Dear Friends, As you know, I intend to dig deep into The Science of Getting Rich this year, to find out if it will work for me. I staked my claim, so to speak, with my ‘inclusive’ version of the text.
I set to work in January on the Preface and Chapter 1 and I was just starting to drill into Chapter 2 last week when I hit what felt like impassible bedrock. I read that:
This is an exact science.
The methodology must be followed exactly.
EXACT!?! Follow it EXACTLY?!? Oh no!
The Scream, Edvard Munch, 1893
There goes any plan I had of ever getting rich with this Science. If I am an expert in anything, it’s in the making of mistakes. I fully believe that it’s not just okay for me to make mistakes, it’s a good thing when I do! If I’m not making mistakes, I can pretty much guarantee I’m not doing much. But here’s we are at the very start of Chapter Two, and what I’m hearing is, “NO MISTAKES!!!!” if I can’t make mistakes with something as complicated and difficult as Getting Rich, this here Science ain’t a-gonna work for me. Talk about discouraging! On the other hand, I really am determined to mine this Science of Getting Rich for all its worth. Giving up doesn’t work for me. Besides, I’ve got a blog to write! I can’t quit. One thing I’ve learned about mistakes is that everyone makes them. At the same time, I’ve seen and heard sound evidence for the fact the some people have mined gold out of this book. They’ve taken its principles and gotten rich. So you follow the logic here, don’t you?
Everyone makes mistakes,
Some of those ‘everyone-s’ have used the Science successfully.
Therefore, it must be possible to do both.
So it’s back to the shovels and pickaxes for me. Digging into Chapter Two, I found the nuggets I needed: - Our Mr. Wattles says it is NOT difficult to get rich. Anyone can do it, he says; all sorts of people do it. It doesn’t matter where we live, nor our race, culture, religion, gender, or age. Even our current financial status and/or vocation won’t matter because this Science has worked for all sorts of folk in all sorts of conditions. That’s encouraging. He says as well that we don’t need any particular talents or expertize. We don’t even have to be very smart, since even blockheads (his term, not mine) get rich. If even blockheads can get rich, there is hope for me! I’d add another caveat, one that says even people who run into problems along the way can get rich. Every successful miner had tales of difficulties and challenges along the way. I expect I’ll run into them as I dig into Chapter Three in the coming week.
Determinedly yours, Elaine H
PS If you haven’t already, you can CLICK HERE to hang in here with me as I mine The Science of Getting Rich
It doesn’t take much to make me happy. A few flowers on the kitchen counter is enough to raise a smile on my face and in my heart. That’s nothing new, but here’s the difference: BEFORE: I would have bought the hyacinth. I’ve bought one every year for the past few years, about this time of year. I love the sweet fragrance, the scent of spring perfuming my home while spring is months off. In the past, I would have occasionally noticed and enjoyed it, sitting there in its grocery-store plastic pot.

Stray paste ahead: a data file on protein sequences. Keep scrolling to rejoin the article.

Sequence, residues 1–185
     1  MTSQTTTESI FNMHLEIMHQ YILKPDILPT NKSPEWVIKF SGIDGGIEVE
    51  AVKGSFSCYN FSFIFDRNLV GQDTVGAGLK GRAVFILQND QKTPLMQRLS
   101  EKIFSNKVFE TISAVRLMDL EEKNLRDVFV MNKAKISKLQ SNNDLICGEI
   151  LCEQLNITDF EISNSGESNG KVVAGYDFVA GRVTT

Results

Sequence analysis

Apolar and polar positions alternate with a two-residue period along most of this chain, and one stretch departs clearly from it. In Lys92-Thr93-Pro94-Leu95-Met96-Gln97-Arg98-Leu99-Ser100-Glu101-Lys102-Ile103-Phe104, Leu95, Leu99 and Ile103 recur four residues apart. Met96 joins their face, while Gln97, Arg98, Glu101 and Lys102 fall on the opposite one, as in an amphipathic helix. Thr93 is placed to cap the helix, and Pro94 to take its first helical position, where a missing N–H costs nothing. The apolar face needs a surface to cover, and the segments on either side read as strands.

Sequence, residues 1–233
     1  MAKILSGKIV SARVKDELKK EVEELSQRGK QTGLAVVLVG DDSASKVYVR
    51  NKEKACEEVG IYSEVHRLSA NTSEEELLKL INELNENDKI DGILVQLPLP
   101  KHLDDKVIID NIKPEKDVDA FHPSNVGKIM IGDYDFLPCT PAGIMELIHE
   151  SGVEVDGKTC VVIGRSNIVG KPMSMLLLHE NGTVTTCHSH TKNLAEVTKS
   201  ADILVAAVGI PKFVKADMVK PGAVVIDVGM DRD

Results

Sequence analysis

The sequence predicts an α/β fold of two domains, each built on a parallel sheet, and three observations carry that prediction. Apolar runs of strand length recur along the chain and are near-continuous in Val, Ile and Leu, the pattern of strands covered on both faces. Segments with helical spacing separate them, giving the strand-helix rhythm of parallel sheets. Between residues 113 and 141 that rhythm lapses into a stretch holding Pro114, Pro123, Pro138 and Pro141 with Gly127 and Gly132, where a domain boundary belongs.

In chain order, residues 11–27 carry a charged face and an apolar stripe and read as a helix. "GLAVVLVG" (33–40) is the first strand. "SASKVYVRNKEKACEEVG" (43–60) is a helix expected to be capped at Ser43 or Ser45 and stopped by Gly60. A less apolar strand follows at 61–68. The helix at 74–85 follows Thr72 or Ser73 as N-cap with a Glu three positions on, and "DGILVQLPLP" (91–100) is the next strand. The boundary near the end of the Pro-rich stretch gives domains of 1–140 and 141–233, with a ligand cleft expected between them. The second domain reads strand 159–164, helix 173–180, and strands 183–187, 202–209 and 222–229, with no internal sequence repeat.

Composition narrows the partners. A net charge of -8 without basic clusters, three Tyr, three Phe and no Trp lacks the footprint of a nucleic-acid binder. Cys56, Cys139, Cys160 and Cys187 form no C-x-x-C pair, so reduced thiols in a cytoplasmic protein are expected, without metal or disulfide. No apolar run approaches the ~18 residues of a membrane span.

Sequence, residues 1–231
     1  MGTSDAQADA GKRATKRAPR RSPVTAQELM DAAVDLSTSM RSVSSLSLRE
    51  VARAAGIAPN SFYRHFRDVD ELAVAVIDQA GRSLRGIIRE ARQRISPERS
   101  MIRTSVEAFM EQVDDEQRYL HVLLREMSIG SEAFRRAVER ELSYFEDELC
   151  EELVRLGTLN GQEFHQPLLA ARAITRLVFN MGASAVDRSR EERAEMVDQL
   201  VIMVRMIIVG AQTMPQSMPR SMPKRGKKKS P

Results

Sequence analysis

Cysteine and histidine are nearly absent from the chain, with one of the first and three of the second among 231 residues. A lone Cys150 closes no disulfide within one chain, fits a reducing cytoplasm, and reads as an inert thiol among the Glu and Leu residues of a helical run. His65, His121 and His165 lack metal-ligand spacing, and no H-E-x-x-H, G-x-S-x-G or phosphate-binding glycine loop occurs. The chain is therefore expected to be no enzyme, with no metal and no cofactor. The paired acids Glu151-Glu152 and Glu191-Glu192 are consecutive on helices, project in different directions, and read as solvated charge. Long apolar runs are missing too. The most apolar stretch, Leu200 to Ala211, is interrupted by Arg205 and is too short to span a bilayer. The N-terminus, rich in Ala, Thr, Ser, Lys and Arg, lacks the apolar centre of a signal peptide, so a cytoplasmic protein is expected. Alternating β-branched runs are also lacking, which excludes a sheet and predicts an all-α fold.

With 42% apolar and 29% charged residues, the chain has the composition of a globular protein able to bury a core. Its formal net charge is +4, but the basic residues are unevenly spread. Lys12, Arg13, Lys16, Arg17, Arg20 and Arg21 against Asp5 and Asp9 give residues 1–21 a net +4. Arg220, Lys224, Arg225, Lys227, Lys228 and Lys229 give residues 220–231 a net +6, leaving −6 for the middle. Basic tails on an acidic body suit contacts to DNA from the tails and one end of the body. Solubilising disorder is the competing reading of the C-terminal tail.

White primula, orange same; budding hyacinth, Christmas cactus
AFTER : I bought my yearly hyacinth last week while doing the grocery shopping. That's 'normal' but today I found myself doing something abnormal: I walked into the grocery store, into their cleverly positioned spring blossoms display. The primulas in particular caught my attention. I've got an area of dappled sun in my garden where primulas bloom for most of the three warmer seasons. But of course, February is much too early for buying more, pretty as they are. Those force-bloom babies would curl up and freeze to death in my garden this early in the year. Displays like this, I reminded myself, are a trick! Customers buy spring plants far too early, the poor things succumb, and the customers, poor fools, repeat the purchase when the weather improves. I'm not falling for that money-grubbing trick, I told myself - as I tell myself every year about this time. This year .... myself didn't listen. I impulsively added a couple pretty primulas to my cart. Back home in the kitchen, I put everything away. I even folded up the reusable bags and tucked them in their box under the counter. Meanwhile, there sat the two pretty little primulas. There too was the hyacinth from the previous week in its plastic pot. Hmmm.... I got the white platter out of the cupboard (Move over Martha Stewart!) collected December’s defunct Christmas cactus out of the family room, and created this pretty little kitchen-counter garden.